What were some of the more interesting dwellings that you saw?

Wiley: [The dwellings] were all so autonomous and each had its own individuality, which in itself makes them interesting. The structures were people; they revealed the people and the place and were all very different and fascinating. [Being there] really made me question the idea of what being free is, and what it means in terms of American mythology, the desert, expansion and history.

Hailey: The scale of construction ranged from a piece of cardboard on the ground placed within a creosote bush to these large telephone structures to pallet structures that were two stories tall. Each one expressed what that particular person wanted to make them, but then against restraint of what resources were there and what nature would allow.

Read the rest

Architects redesign Japanese tunnels into artworks

The Kiyotsu Gorge lookout tunnel is a huge engineering marvel amidst spectacular beauty. Artists and architects recently repurposed it as an art installation replete with reflective surfaces, colored lights and sculptures. Read the rest

New Vietnamese bridge appears held aloft by a giant hand

Over the summer, a spectacular golden bridge opened to the public near Da Nang. In addition to a great view from Vietnam's Ba Na Hills, the Cầu Vàng bridge appears to be supported by a colossal hand. Read the rest

How Bauhaus (not the band) influenced David Bowie and Lady Gaga's style

German art school Bauhaus (1919-1933) had a tremendous impact on architecture, graphic design, and, yes, fashion. From Great Big Story:

The minimalist aesthetic has graced the runways of Yves Saint Laurent and Alexander Wang, adorned pop stars like David Bowie and Lady Gaga, and motivated the work of designer Anne Gorke. A native of Bauhaus’ birthplace—Weimar, Germany—Gorke pays homage to her upbringing with each stitch.

Read the rest

Buildings photographically stripped of everything but their facades

Zacharie Gaudrillot-Roy creates strange and wonderful images of building facades by digitally removing everything else, making them look like weird and wonderful Potemkin villages. Read the rest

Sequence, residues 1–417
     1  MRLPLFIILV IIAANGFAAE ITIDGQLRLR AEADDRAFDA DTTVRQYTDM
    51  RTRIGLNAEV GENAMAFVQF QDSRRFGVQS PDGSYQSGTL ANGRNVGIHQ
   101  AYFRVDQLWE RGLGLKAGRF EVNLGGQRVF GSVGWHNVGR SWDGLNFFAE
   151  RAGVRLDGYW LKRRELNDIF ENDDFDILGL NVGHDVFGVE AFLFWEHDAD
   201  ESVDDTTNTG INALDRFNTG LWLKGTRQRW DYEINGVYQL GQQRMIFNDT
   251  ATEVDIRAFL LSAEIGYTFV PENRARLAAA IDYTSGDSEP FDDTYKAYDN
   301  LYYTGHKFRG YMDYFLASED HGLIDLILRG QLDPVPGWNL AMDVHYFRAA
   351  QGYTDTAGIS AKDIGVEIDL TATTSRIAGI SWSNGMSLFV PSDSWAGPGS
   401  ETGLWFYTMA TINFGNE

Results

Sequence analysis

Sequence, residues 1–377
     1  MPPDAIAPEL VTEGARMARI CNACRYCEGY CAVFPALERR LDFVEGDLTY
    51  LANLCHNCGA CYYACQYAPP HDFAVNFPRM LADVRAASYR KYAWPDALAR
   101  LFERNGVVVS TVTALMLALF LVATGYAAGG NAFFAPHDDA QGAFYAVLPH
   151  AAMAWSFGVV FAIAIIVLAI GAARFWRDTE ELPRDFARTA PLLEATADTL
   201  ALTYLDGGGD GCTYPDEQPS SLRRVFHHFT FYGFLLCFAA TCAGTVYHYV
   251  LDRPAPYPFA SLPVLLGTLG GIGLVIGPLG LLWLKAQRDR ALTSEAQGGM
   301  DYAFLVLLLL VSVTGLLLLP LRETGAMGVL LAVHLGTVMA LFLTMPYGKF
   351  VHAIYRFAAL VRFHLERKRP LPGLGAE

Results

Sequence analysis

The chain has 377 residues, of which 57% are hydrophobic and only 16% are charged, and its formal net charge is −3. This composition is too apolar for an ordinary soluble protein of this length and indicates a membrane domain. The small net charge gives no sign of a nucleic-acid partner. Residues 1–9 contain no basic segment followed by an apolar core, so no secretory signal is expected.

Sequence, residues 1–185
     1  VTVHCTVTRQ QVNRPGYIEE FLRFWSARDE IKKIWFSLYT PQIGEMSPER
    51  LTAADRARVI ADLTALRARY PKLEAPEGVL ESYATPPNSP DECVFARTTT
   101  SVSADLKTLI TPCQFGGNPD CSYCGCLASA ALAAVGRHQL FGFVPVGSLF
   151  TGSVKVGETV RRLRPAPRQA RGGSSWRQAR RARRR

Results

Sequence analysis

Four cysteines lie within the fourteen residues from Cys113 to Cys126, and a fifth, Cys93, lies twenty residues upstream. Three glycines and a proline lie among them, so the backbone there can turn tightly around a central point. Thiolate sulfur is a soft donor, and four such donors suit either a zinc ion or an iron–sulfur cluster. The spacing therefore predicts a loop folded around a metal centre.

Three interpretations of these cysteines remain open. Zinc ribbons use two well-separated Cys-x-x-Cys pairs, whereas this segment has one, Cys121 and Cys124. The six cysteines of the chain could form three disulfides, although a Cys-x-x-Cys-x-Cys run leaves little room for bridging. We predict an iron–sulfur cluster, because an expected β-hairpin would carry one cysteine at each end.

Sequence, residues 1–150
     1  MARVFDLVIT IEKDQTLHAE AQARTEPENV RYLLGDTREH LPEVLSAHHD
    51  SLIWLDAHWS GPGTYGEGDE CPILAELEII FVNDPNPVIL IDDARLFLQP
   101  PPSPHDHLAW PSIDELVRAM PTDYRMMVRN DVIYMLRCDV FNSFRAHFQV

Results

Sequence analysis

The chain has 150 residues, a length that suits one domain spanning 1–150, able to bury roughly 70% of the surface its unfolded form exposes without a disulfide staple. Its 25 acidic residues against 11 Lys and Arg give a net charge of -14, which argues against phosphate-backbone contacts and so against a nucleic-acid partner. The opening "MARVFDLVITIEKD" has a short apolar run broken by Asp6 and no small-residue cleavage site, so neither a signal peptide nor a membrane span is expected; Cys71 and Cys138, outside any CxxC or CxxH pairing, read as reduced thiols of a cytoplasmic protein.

Dogeden: partially buried doghouse for maximally comfortable pups

DogEden (DogeDen, surely?) is a doghouse designed to be mostly buried, with a tiny entrance above ground and a cavernous space beneath grade level. That way, the temperature is kept cooler in summer and warmer in winter, ensuring doge a more comfortable snooze. And when the fascist death squads come for you, they'll be a great place to hide the children!

Smart engineering coupled with good common sense. Dogs weren't meant to live above the ground in a wood or plastic box, they instead prefer a den-like home dug into the ground, away from the sun, wind and rain and extreme cold. No other doghouse on the market takes this into account, only the DogEden. We thought long and hard on this and designed our doghouse to intelligently take advantage of what dogs instinctually desire; they desire a comfortable den, integrated into the earth. Read below where we discuss the temperatures our doghouse maintains, and other smart features and benefits no other doghouse on the market has.

DogEden 60 [Amazon Link] Read the rest

Vintage photos of L.A. restaurants that were shaped like the food they served

With L.A.'s iconic Eddie Blake's Tail o' the Pup hot dog stand set to reopen, LAist posted a brief photographic history of the city's fantastic history of "'programmatic architecture,' buildings designed to look like food, animals or other items."

"LA's Awesome History Of Weird, Food-Shaped Restaurants" (via NextDraft)

images: Los Angeles Public Library Collection Read the rest

Betsy DeVos's summer monstrosity is pure McMansion Hell

Kate "McMansion Hell" Wagner is carrying $42,000 in student debt; heiress Betsy "Marie Antoinette" DeVos is the anti-public-school advocate whom Donald Trump put in charge of the nation's public schools, and one of her first official acts was to end the rules limiting sleazy student debt-collection tactics, even as Trump was ending debt relief for students defrauded by diploma mills (like, say, Trump University). Read the rest

Librarian photographs all the beautiful libraries he visits

Librarian Thomas Guignard (a.k.a. timtom) has a wonderful collection of Creative Commons photographs of libraries he's taken over the years. Read the rest

What happens when you let computers optimize floorplans

I eagerly await our new AI masters' world of ultraoptimized, uncannily organic, evolving foorplans. Joel Simon:

Evolving Floor Plans is an experimental research project exploring speculative, optimized floor plan layouts. The rooms and expected flow of people are given to a genetic algorithm which attempts to optimize the layout to minimize walking time, the use of hallways, etc. The creative goal is to approach floor plan design solely from the perspective of optimization and without regard for convention, constructability, etc. The research goal is to see how a combination of explicit, implicit and emergent methods allow floor plans of high complexity to evolve. The floorplan is 'grown' from its genetic encoding using indirect methods such as graph contraction and emergent ones such as growing hallways using an ant-colony inspired algorithm.

Adds Simon: "I have very mixed feelings about this project." Read the rest